Most of Hawaii’s LGBTQ culture glimmers in Waikiki. The gold standard here is Hula’s Bar & Lei Stand, located inside the fun, gay-friendly Waikiki Grand Hotel. For more than four decades, Hula’s has anchored the queer nightlife scene with incredible 10 a.m.-6 p.m. weekday happy hours and other daily food and drink specials, plus drag shows, club nights, and pretty sunsets from its open-air, second-floor outpost. Hula’s also hosts catamaran harbor sails every Saturday, and is a top local sponsor for fabulous Honolulu Pride every October.

Other friendly gay bars dot the area, like Tapas Restaurant & Lanai Bar, with its patio and karaoke nights. Bacchus Waikiki is a local’s favorite with a mixed crowd, daily drink specials, and weekend DJ nights. Among the city’s famous LGBTQ hotspots is flirty Wang Chung’s karaoke bar, with drag brunches and a late-night kitchen.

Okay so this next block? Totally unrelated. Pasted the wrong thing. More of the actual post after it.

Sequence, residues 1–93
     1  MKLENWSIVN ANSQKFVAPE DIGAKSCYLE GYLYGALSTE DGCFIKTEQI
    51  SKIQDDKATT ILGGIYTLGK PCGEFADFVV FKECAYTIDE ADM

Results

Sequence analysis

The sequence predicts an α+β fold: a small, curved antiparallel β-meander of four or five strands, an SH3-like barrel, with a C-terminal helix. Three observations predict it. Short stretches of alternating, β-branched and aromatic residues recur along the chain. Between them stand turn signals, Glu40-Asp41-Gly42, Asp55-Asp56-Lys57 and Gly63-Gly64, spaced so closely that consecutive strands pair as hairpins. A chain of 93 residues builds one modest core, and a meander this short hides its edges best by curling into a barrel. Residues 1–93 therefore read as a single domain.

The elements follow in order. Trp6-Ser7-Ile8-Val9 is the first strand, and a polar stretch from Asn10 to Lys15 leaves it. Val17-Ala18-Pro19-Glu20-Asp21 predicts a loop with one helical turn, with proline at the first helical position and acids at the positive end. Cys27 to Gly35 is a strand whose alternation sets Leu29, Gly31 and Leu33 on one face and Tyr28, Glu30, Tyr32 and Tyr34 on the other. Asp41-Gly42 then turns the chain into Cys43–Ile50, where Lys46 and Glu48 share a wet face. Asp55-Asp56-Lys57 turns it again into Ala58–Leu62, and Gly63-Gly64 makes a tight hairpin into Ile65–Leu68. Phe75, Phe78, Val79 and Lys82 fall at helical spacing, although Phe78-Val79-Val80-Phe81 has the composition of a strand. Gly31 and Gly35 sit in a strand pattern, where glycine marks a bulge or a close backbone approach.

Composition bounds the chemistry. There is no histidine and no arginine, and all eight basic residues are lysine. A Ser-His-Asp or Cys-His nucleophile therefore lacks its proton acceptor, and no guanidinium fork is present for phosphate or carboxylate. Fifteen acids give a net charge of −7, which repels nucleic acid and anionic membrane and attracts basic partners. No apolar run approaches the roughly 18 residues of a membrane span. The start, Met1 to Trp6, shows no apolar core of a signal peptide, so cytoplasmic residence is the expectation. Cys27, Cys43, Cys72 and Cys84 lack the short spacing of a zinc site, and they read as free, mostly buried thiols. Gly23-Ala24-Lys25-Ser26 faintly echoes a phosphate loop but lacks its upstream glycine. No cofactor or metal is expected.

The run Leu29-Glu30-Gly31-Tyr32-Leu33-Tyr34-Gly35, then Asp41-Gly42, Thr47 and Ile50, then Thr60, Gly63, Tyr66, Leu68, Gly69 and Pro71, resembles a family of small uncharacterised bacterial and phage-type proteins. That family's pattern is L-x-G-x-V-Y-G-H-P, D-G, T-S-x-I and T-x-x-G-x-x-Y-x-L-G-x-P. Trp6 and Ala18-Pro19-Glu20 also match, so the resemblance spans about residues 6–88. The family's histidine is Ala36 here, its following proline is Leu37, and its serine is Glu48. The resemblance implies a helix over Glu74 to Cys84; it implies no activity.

The annual October Pride celebration in Honolulu.

Drift over to Chinatown, a short cab ride away, for big drag revues and late-night dancing at Scarlet Honolulu. While you’re in the neighborhood, duck into atmospheric Tchin Tchin! Bar for bites and one of the city’s best wine lists.

Between all the glorious lounging, happy hours, and beachcombing, discover some of the state’s fascinating Polynesian roots and modern history at the majestic ‘Iolani Palace. This marvelously ornate 1882 mansion was built by King Kalakaua, the last monarch of the Kingdom of Hawaii. A tour here reveals both architectural splendor and some of the state’s fascinating, complex cultural heritage.

A few blocks away is the Honolulu Museum of Art, opened in 1927 and now home to a massive, international art collection, plus temporary exhibits, and the ARTafterDARK evening series, every last Friday of the month. Catch a shuttle from the museum to the satellite Spalding House contemporary art museum and hilltop gardens, located on Mount Tantalus.